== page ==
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Your big marketing budget is not as big an advantage anymore

It used to be that marketing was about money. Marketing was usually a nicer word for advertising, which needed money–lots of it. In the two decades since the web was birthed, money has become less important than it was in the past. Your big marketing budget used to buy world domination–now it just assures that you will get a look-see.

One of my kids, when he was two years old, uttered a classic assessment of how the world works: “The gooder it is, the spendier it is.” (He is about to go off to college as a marketing major, so he apparently had that business brain from birth.) And in general, he was right. Things that cost more tend to be better than things that cost less.

But not in digital marketing.

It’s not that marketing tactics that cost less are worthless–far from it. But it just isn’t true that cost-effective techniques such as SEO and email marketing are somehow less valuable than pricey paid search and Facebook ads. I am not saying to stop doing Facebook ads. But I am saying that companies that can’t afford them can still be very effective against you.

What’s true is that more money is starting to go into creating the message than distributing it. Increased spending is more likely to be focused on analytics than on advertising. Companies that don’t spend a lot on either one can take down the big budgets with a message that resonates better with their target market. Once you are faced with a competitor with a better message, your bigger budget might not win the day for you.

Understand, all things being equal, a bigger budget is better. It makes it easier to know what the market wants. More money helps create better content. And helps get that content in front of more people. And, maybe most importantly, bigger budgets give your more chances to make mistakes without being sunk by them.

But bigger budgets no longer guarantee victory, which used to be true in marketing. If you were willing to spend your competitor into oblivion, you once had a huge advantage. Now, you still have an advantage, but it is not nearly as great as before.

If you are resting on your budget as your advantage, you need to wake up. Times are changing, and knowing how to set up your market research, your feedback loop, and your content process is becoming more important than carpet-bombing with advertising. It’s not too late for you to catch the wave, but you should be grabbing your surfboard now.

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Mike Moran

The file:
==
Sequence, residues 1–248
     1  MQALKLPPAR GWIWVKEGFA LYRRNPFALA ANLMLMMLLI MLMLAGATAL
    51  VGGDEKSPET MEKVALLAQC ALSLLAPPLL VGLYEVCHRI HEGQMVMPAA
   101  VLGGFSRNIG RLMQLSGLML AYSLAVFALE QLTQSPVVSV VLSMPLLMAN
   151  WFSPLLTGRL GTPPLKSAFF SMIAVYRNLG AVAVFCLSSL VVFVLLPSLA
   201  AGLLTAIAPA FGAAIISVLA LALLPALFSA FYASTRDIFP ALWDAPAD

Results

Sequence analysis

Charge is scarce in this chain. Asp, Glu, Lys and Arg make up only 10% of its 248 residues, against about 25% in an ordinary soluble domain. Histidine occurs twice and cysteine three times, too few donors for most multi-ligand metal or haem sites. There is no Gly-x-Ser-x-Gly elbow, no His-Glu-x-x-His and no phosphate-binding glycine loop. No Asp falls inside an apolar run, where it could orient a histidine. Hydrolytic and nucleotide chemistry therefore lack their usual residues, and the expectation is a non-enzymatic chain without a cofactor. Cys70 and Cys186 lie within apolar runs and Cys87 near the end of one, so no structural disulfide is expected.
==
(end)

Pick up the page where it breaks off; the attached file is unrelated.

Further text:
Mike Moran is an expert in internet marketing, search technology, social media, text analytics, web personalization, and web metrics, who, as a Certified Speaking Professional, regularly makes speaking appearances. Mike’s previous appearances include keynote speaking appearances worldwide. Mike serves as a senior strategist for Converseon, an AI powered consumer intelligence technology and consulting firm. He is also a senior strategist for SoloSegment, a marketing automation software solutions and services firm. Mike also serves as a member of the Board of Directors of SEMPO. Mike spent 30 years at IBM, rising to Distinguished Engineer, an executive-level technical position. Mike held various roles in his IBM career, including eight years at IBM’s customer-facing website, ibm.com, most recently as the Manager of ibm.com Web Experience, where he led 65 information architects, web designers, webmasters, programmers, and technical architects around the world. Mike's newest book is Outside-In Marketing with world-renowned author James Mathewson. He is co-author of the best-selling Search Engine Marketing, Inc. (with fellow search marketing expert Bill Hunt), now in its Third Edition. Mike is also the author of the acclaimed internet marketing book, Do It Wrong Quickly: How the Web Changes the Old Marketing Rules, named one of best business books of 2007 by the Miami Herald. Mike founded and writes for Biznology® and writes regularly for other blogs. In addition to Mike’s broad technical background, he holds an Advanced Certificate in Market Management Practice from the Royal UK Charter Institute of Marketing and is a Visiting Lecturer at the University of Virginia’s Darden School of Business. He also teaches at Rutgers Business School. He is a Senior Fellow at the Society for New Communications Research. Mike worked at ibm.com from 1998 through 2006, pioneering IBM’s successful search marketing program. IBM’s website of over two million pages was a classic “big company” website that has traditionally been difficult to optimize for search marketing. Mike, working with Bill Hunt, developed a strategy for search engine marketing that works for any business, large or small. Moran and Hunt spearheaded IBM’s content improvement that has resulted in dramatic gains in traffic from Google and other internet portals.

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